Many low-income countries and development organizations are calling for greater liberalization of labor immigration policies in high-income countries. At the same time, human rights organizations and migrant rights advocates demand more equal rights for migrant workers. The Price of Rights shows why you cannot always have both.
Examining labor immigration policies in over forty countries, as well as policy drivers in major migrant-receiving and migrant-sending states, Martin Ruhs finds that there are trade-offs in the policies of high-income countries between openness to admitting migrant workers and some of the rights granted to migrants after admission. Insisting on greater equality of rights for migrant workers can come at the price of more restrictive admission policies, especially for lower-skilled workers. Ruhs advocates the liberalization of international labor migration through temporary migration programs that protect a universal set of core rights and account for the interests of nation-states by restricting a few specific rights that create net costs for receiving countries.
The Price of Rights analyzes how high-income countries restrict the rights of migrant workers as part of their labor immigration policies and discusses the implications for global debates about regulating labor migration and protecting migrants. It comprehensively looks at the tensions between human rights and citizenship rights, the agency and interests of migrants and states, and the determinants and ethics of labor immigration policy.
Awards and Recognition
- Winner of the 2014 Best Book Award, Migration and Citizenship Section of the American Political Science Association
"This book lays down some challenging ideas on how we should think about the rights of migrants and needs to be read by everyone concerned with these issues."—Don Flynn, director of the Migrants' Rights Network
"This is a carefully researched book that starkly shows the trade-offs involved between extending more rights to migrants, versus extending more opportunities to enable people to take advantage of the large gains in income possible through international migration. A first-rate contribution to current policy and academic debates."—David McKenzie, lead economist in the Development Research Group at the World Bank
"In this excellent book, Martin Ruhs presents a fresh analysis of the reasons why many countries, whether they be high or low income, restrict the rights of migrant workers. His carefully researched volume will be of great interest to policymakers and migration experts across the globe."—Frank Laczko, International Organization for Migration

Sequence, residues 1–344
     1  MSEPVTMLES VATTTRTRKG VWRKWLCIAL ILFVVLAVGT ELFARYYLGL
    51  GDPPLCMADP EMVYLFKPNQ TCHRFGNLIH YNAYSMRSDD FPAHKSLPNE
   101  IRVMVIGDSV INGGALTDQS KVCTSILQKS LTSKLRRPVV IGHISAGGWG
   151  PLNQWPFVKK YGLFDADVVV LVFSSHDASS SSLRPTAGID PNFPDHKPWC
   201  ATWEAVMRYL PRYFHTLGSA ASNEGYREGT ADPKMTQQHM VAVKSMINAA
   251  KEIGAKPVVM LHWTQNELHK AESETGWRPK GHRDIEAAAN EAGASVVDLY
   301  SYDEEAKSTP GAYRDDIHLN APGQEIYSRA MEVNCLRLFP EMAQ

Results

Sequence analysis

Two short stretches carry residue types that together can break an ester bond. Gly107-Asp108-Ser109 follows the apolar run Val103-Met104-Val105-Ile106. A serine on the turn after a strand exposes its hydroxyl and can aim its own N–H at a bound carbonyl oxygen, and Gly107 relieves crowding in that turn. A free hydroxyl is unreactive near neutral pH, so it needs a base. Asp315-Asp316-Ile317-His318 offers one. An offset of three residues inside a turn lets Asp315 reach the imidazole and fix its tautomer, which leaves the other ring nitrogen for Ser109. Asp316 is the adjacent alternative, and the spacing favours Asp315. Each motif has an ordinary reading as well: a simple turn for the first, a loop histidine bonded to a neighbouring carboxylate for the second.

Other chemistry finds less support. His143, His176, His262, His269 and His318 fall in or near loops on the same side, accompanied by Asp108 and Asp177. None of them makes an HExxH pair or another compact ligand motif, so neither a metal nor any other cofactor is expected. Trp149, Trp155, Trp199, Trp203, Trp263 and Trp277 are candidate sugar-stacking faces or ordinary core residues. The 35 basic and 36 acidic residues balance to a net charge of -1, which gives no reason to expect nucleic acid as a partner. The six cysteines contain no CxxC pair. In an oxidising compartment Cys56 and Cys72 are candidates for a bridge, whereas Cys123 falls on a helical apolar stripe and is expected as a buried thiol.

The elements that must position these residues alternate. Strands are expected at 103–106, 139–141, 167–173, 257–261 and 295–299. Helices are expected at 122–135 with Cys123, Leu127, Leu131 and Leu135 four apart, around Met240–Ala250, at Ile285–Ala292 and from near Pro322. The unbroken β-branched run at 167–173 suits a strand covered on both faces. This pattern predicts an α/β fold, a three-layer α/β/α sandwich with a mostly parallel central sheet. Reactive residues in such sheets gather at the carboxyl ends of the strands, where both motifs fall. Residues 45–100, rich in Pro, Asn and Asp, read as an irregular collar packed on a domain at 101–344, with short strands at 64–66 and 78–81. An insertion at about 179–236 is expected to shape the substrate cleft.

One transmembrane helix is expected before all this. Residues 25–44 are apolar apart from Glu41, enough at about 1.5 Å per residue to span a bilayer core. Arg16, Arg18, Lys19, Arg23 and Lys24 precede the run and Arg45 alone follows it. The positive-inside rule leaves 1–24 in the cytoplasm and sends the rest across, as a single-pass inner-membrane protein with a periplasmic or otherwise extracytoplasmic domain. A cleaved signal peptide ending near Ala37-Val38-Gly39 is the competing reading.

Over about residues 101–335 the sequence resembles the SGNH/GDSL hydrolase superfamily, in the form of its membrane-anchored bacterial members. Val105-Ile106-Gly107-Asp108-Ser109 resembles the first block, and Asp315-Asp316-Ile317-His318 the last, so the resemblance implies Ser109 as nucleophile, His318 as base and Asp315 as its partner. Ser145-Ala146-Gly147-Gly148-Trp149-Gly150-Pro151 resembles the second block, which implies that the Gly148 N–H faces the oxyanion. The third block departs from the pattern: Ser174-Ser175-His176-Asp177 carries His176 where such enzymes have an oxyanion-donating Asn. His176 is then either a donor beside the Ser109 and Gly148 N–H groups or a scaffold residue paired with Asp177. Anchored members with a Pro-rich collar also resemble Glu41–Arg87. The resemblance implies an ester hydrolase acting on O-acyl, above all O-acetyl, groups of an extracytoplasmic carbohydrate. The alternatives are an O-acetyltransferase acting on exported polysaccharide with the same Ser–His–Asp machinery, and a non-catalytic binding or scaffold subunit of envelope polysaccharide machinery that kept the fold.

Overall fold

"This may be the most important book on migration in the last decade. Focusing on the trade-offs between openness to more migration and limitations on migrants' rights, Martin Ruhs tackles one of the fundamental challenges of the twenty-first century: how to resolve the tensions between national security and human rights."—Khalid Koser, Geneva Centre for Security Policy
"In analyzing the trade-off between liberalizing international labor migration and extending social and economic rights for migrants, this book moves the debate about migrant rights from ideals to realities. It is a must-read for those working in the fields of human rights, development, globalization, and international governance, as well as for specialists and organizations dealing with migration-related issues."—Philip Martin, University of California, Davis
"While it is not easy to write a forcefully argued book about the rights of migrant workers, Ruhs succeeds because he opts for a strong, pragmatic approach. He clearly commands a broad and diverse literature, and he makes his case with extensive knowledge and an array of empirical studies about a range of countries."—Saskia Sassen, Columbia University and author of Territory, Authority, Rights
"This compelling and cogently argued book addresses an important matter, namely the conditions affecting the rights of labor migrants. Where much of the research on rights and citizenship focuses on the developed world, Ruhs rightly expands the scope to include the Persian Gulf states, as well as developing societies such as Malaysia and Indonesia."—Roger Waldinger, University of California, Los Angeles